Dodds: “Time the inhumane and ineffective consequences of bedroom tax are revisited in the rest of the UK”

Okay, ignore the Grauniad’s misidentification of Nigel Dodds as the leader of the DUP, and focus on the subject of the Op Ed…. In contrast to most of the political mudslinging that passes for politics in Westminster these days, the tone is incredibly relaxed and polite.

Before he gets to the main course, here’s the opener:

It’s a pity if the two – current – main parties can’t make themselves attractive enough to most voters, but it explains where we are.

I can’t claim the generation-long consensus between the Tories, Labour and the Lib Dems over Northern Ireland has served the province well. But I acknowledge it exists. However, in the context of a hung parliament, it’s irrelevant.

While we, naturally, will always want the economic and social interests of the people of Northern Ireland as a whole protected, politically we would not seek to exploit for narrow and selfish reasons any leverage at Westminster over devolved matters.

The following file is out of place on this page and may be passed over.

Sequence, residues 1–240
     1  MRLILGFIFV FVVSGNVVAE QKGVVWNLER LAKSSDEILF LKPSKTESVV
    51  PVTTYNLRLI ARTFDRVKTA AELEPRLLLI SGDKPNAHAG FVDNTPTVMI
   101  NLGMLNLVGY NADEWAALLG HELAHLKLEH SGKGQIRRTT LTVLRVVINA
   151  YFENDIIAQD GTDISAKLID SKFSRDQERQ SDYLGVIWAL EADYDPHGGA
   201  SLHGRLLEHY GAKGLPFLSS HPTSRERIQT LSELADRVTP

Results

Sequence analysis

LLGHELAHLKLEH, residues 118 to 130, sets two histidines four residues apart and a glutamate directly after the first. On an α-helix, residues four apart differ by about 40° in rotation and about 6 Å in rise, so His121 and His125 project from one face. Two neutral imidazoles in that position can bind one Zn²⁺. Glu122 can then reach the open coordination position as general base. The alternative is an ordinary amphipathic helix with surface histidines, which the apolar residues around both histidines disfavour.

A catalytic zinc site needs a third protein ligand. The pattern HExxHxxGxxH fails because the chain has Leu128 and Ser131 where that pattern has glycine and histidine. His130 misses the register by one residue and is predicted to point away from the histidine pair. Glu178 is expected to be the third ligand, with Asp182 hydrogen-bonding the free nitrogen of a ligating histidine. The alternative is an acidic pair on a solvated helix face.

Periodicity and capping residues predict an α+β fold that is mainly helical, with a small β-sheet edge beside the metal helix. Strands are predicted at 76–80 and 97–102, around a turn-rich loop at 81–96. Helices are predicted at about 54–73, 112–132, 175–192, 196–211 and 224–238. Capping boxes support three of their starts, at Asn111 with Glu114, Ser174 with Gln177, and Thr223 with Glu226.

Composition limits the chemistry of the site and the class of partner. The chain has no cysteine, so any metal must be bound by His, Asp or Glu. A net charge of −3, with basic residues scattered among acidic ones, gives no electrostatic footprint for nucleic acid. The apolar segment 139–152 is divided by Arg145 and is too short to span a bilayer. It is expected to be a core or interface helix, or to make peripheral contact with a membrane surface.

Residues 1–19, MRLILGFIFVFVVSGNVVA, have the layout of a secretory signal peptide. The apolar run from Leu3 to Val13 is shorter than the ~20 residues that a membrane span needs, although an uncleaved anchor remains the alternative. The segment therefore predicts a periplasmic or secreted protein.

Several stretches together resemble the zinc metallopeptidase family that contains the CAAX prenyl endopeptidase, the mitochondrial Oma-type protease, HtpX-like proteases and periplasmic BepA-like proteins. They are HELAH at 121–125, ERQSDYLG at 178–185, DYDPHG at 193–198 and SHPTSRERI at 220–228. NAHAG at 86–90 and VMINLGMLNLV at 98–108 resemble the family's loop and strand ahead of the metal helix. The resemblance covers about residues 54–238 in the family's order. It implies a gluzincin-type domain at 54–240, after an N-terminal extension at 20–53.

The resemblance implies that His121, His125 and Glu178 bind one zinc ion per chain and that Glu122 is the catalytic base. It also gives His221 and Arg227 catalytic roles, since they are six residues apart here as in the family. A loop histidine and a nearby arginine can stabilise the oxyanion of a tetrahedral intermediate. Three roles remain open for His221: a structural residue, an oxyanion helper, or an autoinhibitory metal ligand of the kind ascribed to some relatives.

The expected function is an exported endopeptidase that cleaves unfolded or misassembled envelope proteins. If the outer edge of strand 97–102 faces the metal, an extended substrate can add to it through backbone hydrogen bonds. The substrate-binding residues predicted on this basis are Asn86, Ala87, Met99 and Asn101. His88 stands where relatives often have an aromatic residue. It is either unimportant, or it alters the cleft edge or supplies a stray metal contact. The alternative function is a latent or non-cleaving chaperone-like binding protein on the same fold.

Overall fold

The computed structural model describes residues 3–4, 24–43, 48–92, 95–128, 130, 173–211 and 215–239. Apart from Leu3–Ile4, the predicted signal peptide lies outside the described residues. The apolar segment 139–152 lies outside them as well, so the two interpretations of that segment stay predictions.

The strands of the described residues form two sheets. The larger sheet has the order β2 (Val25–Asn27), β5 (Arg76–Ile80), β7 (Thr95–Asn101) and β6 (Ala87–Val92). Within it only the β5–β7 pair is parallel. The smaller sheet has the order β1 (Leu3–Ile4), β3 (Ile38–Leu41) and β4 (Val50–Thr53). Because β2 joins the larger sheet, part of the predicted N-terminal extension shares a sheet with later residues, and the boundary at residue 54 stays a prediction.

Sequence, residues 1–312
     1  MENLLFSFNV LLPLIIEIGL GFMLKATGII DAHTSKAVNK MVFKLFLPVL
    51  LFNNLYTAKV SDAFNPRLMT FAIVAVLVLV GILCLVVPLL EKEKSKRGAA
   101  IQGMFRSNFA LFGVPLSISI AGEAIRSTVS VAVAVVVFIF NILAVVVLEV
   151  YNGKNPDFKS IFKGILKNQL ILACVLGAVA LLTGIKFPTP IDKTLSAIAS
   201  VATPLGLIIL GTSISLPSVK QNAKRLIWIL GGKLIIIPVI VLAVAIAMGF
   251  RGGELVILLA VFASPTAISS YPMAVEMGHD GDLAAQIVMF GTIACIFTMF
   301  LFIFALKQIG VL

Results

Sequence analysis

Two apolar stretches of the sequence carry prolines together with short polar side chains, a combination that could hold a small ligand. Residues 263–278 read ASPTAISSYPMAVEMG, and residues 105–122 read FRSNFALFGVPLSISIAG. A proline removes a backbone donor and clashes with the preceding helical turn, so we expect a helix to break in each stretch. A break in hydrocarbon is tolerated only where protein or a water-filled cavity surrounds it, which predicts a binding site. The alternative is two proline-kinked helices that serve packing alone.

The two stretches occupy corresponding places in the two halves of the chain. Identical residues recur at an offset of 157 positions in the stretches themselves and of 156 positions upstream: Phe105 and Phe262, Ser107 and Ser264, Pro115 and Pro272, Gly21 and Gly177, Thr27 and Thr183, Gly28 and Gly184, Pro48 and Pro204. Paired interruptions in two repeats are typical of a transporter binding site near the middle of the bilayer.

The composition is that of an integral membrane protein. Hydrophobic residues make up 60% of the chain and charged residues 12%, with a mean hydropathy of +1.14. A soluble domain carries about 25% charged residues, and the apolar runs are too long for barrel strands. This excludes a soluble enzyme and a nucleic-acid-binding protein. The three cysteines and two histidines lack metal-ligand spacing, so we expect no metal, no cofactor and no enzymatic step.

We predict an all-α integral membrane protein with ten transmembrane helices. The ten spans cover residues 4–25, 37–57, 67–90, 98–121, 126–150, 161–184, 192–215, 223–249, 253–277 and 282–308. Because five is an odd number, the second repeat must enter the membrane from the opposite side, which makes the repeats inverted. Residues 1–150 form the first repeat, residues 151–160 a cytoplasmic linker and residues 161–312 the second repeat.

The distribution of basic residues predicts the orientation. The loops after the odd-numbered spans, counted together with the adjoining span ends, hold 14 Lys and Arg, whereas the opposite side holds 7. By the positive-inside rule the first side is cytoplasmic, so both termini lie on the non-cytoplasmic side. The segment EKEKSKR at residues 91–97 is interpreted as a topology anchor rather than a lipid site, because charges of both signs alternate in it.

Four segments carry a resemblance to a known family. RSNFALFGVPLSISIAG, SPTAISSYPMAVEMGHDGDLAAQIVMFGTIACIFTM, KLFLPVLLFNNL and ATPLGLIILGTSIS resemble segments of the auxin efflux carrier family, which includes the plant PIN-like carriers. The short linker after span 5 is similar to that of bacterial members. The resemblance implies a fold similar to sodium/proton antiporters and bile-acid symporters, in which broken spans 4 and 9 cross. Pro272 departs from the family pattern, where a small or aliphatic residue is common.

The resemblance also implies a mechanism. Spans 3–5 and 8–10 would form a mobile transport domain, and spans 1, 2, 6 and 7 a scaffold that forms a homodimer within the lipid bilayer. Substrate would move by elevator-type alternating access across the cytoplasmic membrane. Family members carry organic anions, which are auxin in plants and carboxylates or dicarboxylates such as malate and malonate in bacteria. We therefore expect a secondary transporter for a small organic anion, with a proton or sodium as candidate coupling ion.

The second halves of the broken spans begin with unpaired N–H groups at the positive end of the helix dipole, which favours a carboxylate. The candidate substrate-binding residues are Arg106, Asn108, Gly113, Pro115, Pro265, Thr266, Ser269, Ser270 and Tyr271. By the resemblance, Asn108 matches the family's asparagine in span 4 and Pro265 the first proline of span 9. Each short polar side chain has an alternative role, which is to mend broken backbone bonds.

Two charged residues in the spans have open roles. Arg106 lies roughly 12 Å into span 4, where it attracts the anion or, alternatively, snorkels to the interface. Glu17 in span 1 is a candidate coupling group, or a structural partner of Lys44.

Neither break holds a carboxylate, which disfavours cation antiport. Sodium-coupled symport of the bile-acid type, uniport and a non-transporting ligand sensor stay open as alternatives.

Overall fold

That’s why we have Stormont and the power-sharing executive, to which we’re committed.

The Stormont House talks demonstrated once more that whatever turbulence parties like Sinn Féin might attempt to introduce with their threats to upend the process, we’re determined to make devolution and power-sharing work.

He makes it clear what the price is, and that it would be in a strictly UK wide context:

On social justice, we think Westminster can learn from what we did at Stormont over the bedroom tax. Despite the need – agreed across the political spectrum – to reduce public expenditure, we were determined that this failed policy should not be extended to Northern Ireland. It is time in the next parliament that the inhumane and ineffective consequences of the bedroom tax are revisited in the rest of the UK. [emphasis added]

It’s hard to describe the actions of any party in Northern Ireland as having an actual strategic impulse (although that does not stop many journalists and commentators from doing so). You need modest realisable targets for that, and a willingness to compromise.

But as a strictly tactical move, whilst Sinn Fein, as David notes, try to get back control the message in this debate, this looks like a measured and timely attempt to outbid any future pitches by Sinn Fein for a larger welfare budget.

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